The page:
Nina opted to revamp her resumé as an Airbnb profile. She highlighted the opportunity that Airbnb was missing in the Middle East, creating a detailed report on the extent of the problem, potential solutions, and how she could play a role.
Nina invested about a week of her time on this project - obtaining the data, coordinating the design, and researching the market. The resumé worked, going viral on Twitter, and getting the attention of the CEO and CMO of Airbnb, landing her an interview within a week.
“This guy went to the grocery store, bought a gallon of good ole 2% Milk, then went around asking people to film him chugging it. No one agreed to film him, so he did it himself and finished the whole gallon. Here at the Milk Road, we got nothing but respect for the hustle & grind….so, welcome to the team, Billy!”
Example 4: Working with Einstein
Tuxedo Park is a book about a Wall Street tycoon named Alfred Loomis and how he assembled a team of scientific geniuses —Albert Einstein, Werner Heisenberg, Niels Bohr, Enrico Fermi, and others—at his state-of-the-art laboratory in Tuxedo Park, New York, to develop the science for radar and the atomic bomb. One of those geniuses. William Richards was a chemistry professor at Princeton University and worked at Loomis' Lab. This story explains how he got there:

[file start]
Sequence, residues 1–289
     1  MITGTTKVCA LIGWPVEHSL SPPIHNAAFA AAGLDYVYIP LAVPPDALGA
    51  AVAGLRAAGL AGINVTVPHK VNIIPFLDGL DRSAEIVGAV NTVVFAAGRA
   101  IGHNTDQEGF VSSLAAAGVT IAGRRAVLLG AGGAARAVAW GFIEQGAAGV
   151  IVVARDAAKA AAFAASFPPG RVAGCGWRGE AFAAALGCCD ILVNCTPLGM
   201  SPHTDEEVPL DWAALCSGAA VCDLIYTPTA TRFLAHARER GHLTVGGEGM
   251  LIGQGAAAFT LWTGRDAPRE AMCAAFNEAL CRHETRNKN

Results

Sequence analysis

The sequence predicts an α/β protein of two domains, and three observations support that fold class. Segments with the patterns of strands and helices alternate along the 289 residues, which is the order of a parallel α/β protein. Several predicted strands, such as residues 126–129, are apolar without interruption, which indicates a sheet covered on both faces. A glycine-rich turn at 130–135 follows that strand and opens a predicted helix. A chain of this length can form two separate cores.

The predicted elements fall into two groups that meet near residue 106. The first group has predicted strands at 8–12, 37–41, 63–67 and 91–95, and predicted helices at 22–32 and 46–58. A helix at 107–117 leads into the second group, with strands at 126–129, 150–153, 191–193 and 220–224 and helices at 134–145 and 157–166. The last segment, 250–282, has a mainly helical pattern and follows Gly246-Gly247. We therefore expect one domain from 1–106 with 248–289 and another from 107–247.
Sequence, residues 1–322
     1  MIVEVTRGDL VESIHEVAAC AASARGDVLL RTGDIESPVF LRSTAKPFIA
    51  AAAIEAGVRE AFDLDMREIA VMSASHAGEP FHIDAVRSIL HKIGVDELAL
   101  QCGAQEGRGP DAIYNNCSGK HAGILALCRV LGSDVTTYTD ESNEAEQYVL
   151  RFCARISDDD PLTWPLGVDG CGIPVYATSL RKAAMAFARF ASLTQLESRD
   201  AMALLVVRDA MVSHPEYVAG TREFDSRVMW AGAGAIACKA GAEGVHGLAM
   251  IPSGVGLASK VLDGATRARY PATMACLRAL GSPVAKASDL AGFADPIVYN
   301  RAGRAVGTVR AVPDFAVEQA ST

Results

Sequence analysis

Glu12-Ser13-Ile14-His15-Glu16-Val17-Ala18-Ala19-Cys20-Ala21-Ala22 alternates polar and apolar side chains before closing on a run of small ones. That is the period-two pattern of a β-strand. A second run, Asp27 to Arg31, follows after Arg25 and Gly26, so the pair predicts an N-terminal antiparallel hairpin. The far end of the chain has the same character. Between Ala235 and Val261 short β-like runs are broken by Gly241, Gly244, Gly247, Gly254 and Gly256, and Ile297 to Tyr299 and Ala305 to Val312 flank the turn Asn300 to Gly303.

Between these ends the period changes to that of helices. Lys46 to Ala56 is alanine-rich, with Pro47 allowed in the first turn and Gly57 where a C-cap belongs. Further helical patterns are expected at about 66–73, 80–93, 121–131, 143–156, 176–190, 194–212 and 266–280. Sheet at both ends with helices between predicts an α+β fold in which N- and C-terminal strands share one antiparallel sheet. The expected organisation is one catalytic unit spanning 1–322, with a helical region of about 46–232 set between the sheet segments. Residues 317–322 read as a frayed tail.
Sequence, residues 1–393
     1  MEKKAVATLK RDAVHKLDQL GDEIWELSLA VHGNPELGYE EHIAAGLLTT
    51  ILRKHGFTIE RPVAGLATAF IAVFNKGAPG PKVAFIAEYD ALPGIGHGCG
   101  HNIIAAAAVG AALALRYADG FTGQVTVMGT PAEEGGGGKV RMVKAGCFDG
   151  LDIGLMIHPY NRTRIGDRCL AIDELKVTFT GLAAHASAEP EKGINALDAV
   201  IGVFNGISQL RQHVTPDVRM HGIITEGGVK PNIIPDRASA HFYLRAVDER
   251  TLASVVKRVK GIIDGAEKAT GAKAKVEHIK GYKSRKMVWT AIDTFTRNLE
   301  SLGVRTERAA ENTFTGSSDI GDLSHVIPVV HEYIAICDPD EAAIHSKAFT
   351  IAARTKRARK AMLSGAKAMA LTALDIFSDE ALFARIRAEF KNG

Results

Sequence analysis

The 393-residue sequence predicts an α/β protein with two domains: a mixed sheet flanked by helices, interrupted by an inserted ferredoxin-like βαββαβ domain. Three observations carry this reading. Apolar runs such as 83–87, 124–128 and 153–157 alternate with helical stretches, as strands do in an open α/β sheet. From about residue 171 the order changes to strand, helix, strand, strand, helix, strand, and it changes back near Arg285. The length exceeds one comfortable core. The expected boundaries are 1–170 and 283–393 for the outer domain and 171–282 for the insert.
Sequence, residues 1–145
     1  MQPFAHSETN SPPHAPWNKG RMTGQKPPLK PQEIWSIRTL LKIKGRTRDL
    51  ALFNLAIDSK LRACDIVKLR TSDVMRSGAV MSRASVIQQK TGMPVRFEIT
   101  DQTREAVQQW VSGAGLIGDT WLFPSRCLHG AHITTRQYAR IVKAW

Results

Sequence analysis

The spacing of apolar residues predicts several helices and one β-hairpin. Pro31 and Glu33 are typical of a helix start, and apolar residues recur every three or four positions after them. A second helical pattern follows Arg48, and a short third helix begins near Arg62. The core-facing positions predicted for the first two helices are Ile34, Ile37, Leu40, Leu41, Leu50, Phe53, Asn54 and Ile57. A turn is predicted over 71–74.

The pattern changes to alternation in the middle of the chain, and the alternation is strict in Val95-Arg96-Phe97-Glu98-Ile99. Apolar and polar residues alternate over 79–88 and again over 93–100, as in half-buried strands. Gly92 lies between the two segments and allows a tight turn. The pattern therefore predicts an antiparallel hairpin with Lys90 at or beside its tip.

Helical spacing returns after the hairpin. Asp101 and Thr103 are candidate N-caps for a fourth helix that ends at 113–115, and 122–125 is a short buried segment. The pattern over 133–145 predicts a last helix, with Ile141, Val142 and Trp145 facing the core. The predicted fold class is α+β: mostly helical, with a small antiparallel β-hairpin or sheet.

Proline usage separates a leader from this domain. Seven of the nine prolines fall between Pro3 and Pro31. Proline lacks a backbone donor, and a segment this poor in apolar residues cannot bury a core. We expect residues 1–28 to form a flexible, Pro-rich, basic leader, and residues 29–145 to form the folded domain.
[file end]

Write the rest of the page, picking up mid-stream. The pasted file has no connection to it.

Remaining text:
“Richards’ own introduction to Loomis had happened quite by accident a few months prior to his arrival at Princeton. While Richards was completing his postdoctoral studies at Göttingen, he had been sitting in the park one Sunday morning, idly reading Chemical Abstracts, when a paragraph briefly describing an experiment being carried on in the “Loomis Laboratory” had caught his eye. He had immediately sent off a letter to the laboratory, “suggesting that certain aspects of the experiment could be further developed,” and he had even outlined what the result of this development would probably be. Some months later, he received a response from the laboratory informing him that they had carried out his suggestions and the results were those he had anticipated. This had been followed by a formal invitation to work at the Loomis Laboratory.”
Agency is permissionless. There's no age limit, no rules, and nothing preventing you from acting with it. It creates opportunities and acts as a catalyst for doing work you want to do with people you want to do it with.
Next week, we’ll be looking at practical steps on how you can become more agentic. Sign up below to receive it in your inbox.